Gems of Japanese Culture

Japanese gardens create calming experiences around the Bay Area


Blooming red azaleas with the sounds of a koi pond create a truly immersive experience. One might find their gaze landing on the intricate shrine gate or expansive bridge. While in a Japanese garden, it’s easy to forget that the urban city is a few minutes away. 

Nestled across the Peninsula, Japanese gardens provide a source of relaxation. Here is a brief review of local Japanese gardens.

Hakone Gardens

Hakone Gardens is one of the more popular Japanese gardens in the Bay Area, occupying a total of 18 acres in Saratoga. Originally established in 1915 by Isabel and Oliver Stine, Hakone Gardens now serves as a beautiful destination for all. Admission costs $8 for children, $12 for adults and $10 for seniors; however, the price is worth the entrance. Inside, Hakone Gardens features three extensive garden areas, several building overlooks, a koi pond and more. My personal favorite was the Wisteria Arbor with a line of purple flowers majestically overhanging the walkway. It’s no wonder why people hold weddings here.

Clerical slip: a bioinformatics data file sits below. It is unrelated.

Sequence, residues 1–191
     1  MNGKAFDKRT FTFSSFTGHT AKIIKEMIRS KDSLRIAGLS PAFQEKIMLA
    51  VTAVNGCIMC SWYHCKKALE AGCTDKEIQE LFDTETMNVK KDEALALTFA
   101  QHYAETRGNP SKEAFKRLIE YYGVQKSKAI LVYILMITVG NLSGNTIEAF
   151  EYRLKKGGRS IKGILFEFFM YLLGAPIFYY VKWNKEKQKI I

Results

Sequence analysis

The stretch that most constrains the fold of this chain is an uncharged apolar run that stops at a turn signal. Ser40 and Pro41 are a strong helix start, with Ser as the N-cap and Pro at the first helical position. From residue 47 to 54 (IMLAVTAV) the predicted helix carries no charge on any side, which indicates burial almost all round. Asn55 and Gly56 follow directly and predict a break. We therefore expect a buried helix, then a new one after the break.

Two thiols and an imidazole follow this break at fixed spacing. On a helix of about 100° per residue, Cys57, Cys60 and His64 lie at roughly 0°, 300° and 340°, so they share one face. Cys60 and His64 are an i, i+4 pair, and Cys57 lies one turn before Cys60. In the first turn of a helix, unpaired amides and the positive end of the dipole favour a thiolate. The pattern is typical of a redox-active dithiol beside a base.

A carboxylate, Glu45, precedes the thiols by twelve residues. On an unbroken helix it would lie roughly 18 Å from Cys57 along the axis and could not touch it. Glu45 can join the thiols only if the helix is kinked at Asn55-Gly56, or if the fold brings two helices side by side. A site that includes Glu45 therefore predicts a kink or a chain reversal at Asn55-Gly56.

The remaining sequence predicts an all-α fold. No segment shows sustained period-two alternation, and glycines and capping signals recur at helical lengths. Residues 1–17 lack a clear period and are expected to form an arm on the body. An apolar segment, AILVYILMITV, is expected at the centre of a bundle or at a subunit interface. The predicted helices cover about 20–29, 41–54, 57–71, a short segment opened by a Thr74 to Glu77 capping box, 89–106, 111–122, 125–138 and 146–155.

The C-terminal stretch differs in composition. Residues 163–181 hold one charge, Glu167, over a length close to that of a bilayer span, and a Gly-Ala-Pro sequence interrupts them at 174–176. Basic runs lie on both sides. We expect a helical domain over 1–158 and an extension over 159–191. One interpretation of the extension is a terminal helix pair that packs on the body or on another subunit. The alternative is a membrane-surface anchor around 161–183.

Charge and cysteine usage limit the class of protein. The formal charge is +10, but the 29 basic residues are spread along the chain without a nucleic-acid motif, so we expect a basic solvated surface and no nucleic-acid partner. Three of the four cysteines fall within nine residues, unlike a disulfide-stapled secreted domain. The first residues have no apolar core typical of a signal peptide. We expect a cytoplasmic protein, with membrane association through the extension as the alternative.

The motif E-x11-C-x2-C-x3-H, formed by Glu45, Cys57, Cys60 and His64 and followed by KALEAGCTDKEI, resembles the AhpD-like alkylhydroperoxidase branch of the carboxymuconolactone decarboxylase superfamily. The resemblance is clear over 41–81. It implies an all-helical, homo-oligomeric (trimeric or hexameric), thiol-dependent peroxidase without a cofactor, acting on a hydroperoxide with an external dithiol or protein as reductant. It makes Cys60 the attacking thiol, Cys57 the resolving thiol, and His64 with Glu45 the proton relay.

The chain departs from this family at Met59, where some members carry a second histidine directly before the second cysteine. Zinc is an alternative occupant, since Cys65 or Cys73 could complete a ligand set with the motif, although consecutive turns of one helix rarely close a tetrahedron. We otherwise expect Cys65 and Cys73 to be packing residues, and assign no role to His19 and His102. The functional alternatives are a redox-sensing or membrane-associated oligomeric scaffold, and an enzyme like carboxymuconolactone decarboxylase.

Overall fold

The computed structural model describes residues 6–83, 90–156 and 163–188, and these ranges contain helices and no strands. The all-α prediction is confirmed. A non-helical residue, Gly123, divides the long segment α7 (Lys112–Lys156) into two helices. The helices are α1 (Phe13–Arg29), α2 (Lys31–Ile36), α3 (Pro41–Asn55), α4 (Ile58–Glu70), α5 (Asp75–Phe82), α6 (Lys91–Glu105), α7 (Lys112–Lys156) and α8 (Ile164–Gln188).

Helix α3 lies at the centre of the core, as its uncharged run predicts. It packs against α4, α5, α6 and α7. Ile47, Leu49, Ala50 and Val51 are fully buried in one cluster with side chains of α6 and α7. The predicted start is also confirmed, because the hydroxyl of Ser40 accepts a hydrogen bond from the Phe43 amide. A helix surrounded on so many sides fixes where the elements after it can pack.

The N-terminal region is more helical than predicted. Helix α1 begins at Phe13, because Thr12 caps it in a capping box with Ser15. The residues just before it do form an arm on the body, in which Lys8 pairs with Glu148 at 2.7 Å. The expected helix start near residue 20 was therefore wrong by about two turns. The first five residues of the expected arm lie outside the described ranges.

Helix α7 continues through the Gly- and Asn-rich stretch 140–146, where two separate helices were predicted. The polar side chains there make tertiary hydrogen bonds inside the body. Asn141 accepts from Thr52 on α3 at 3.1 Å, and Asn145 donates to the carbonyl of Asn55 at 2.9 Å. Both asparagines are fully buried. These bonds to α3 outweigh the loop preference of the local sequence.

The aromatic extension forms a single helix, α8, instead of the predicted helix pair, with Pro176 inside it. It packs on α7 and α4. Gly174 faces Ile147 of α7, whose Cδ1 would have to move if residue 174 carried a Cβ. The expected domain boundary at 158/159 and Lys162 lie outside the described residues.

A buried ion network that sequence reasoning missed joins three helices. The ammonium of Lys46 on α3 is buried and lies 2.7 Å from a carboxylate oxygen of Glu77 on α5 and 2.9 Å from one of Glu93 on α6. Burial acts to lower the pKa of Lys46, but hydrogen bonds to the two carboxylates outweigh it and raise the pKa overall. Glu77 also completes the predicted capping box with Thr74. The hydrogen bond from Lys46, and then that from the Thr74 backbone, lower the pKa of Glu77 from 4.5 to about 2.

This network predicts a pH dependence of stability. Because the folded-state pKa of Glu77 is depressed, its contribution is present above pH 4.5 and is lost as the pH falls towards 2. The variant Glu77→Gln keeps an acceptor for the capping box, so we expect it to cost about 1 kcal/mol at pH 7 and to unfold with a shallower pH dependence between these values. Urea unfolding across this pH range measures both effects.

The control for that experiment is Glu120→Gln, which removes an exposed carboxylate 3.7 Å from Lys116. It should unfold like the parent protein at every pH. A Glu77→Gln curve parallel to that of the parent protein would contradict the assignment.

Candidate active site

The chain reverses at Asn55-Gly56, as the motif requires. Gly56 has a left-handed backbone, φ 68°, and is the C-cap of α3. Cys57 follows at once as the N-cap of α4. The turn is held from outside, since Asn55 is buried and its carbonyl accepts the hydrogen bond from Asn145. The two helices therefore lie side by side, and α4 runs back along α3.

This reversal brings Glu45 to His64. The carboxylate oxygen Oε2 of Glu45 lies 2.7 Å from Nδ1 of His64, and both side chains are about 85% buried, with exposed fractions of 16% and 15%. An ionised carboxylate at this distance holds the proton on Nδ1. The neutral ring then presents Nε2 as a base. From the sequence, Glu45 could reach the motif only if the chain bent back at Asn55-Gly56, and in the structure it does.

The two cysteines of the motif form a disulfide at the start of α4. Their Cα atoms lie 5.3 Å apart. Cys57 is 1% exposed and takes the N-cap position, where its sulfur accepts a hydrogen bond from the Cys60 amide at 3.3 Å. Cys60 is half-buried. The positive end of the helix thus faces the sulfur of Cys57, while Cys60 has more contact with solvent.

rating: 🌸🌸🌸🌸🌸

San Mateo Japanese Garden

If you are looking for an affordable option, the San Mateo Japanese garden is a perfect choice with free admission. Located in San Mateo Central Park, this garden is open all days of the week and features a koi pond, pagoda, overhanging bridge and abundant shrubs. Hidden away amongst the urban downtown San Mateo, this garden provides a calm setting. I was pleasantly surprised by the blooming cherry blossoms in the garden. Although I didn’t see the koi feedings, I recommend going during the spring and summer months to view the koi in action.

rating: 🌸🌸🌸🌸

Japanese Friendship Garden

This garden symbolizes the Sister City relationship between San Jose, California and Okayama, Japan with free admission. Since 1960, this garden has been celebrated as a representation of friendship and Japanese cultural values. Walking into the garden, it was apparent that the garden was once beautiful. With three koi ponds, a wooden bridge and a tea house, I could imagine a once magnificent garden. However, the garden is now semi-closed with caution tape and a barred entrance to the bridge. Unfortunately, the main koi pond is also dried up. Luckily, the koi are relocated to the corner pond with pellets available to feed them. Overall, I would pass on this garden in the future unless you’re looking to feed koi fish.   

Click this link to support the garden

rating: 🌸🌸🌸